November 15, 2005

All Power to King George!

Don't miss David Cole's article on John Yoo in the current New York Review of Books.

Posted by Gregory at November 15, 2005 03:33 AM | TrackBack (1)
Comments

Thanks for the link Greg - interesting article... Even to me with no legal background it seems clear that what Yoo argue for seems to be the very antithesis of what the Founding Fathers put in place in the constitution - especially given the historical context in which the founding fathers appeared to have sough to avoid the very abuses of power by the British Monarchy that led to the War of Independence

Posted by: Aran Brown at November 15, 2005 04:56 AM | Permalink to this comment Permalink

What is most disturbing is that Yoo's theories were taken seriously by the White House. In non-technical language, Cole eviscerates Yoo's arguments --- and does so without breaking a sweat. Yet these arguments were accepted by Bush --- was there no dissent presented? Or is Bush incapable of understanding the difference between a valid legal argument, and baseless bullshit?

Posted by: lukasiak at November 15, 2005 07:59 PM | Permalink to this comment Permalink

Yoo's arguments for executive supremacy are excessive, and I'd wager that even a good amount of conservative lawyers disagree with some of his arguments.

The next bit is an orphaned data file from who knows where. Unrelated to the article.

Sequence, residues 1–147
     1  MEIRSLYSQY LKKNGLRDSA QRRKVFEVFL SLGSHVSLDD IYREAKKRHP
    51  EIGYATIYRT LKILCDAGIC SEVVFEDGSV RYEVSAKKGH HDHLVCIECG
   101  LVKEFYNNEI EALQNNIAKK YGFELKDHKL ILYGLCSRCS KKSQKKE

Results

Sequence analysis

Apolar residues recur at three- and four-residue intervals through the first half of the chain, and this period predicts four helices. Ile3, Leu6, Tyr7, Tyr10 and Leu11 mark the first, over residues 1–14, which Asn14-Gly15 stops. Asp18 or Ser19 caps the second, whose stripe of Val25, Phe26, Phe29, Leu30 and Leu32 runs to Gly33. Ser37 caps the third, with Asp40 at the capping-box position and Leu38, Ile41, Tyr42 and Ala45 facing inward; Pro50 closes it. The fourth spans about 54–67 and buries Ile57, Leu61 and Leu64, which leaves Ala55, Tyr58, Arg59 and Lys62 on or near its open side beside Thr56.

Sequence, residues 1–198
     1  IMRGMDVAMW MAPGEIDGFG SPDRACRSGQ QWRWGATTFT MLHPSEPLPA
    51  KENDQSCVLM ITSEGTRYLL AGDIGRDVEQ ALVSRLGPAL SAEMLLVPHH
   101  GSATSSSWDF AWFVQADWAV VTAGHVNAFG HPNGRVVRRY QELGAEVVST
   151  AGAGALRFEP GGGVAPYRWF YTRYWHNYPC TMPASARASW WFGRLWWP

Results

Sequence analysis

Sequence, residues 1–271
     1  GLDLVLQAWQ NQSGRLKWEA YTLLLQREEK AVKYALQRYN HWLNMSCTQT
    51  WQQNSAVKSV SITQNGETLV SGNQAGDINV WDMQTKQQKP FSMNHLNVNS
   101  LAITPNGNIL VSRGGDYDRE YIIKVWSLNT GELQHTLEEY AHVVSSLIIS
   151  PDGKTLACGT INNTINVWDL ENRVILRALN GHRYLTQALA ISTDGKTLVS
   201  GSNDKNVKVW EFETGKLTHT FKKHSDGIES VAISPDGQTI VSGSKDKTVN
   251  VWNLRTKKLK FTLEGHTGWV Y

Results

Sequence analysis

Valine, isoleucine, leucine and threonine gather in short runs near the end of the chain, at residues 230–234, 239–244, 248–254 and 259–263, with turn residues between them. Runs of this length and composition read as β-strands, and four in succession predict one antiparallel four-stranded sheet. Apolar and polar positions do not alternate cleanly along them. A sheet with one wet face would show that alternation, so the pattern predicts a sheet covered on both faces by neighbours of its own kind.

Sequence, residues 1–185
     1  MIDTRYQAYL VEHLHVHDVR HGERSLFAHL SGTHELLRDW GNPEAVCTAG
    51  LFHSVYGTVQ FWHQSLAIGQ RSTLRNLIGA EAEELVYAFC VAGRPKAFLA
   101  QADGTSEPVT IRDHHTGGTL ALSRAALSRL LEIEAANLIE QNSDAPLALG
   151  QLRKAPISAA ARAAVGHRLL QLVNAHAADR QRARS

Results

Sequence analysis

That said, much of what Cole addresses and (in some cases, rightly) criticizes isn't relevant to the War on Terror. So what if Yoo is incorrect to the extent that he argues that the President does not need congressional authorization to engage in an offensive war? Bush received congressional authorization for the Iraq and Afghanistan conflicts (and in the case of Iraq, actively lobbied for such authorization). But is Yoo incorrect in his belief that as Commander In Chief, the President has the constitutional prerogative to fight a conflict in whatever manner he sees fit, limited only by the availability of congressional appropriations and the threat of impeachment? Here, I think Yoo is on much stronger ground, and both the opinions of many of the Framers and the history of American warfighting give substantial support to this opinion. That doesn't mean that Yoo's opinion on this matter is flawless, but it deserves more consideration than Cole gives it.

It's also important to note that Cole is as far to the left as Yoo is to the right, and some of the points he raises in the context of criticizing Yoo, particularly with regard to treaties, have never been accepted by the Supreme Court (which isn't to say that Yoo's position on the effects of treaties isn't open to serious criticism).

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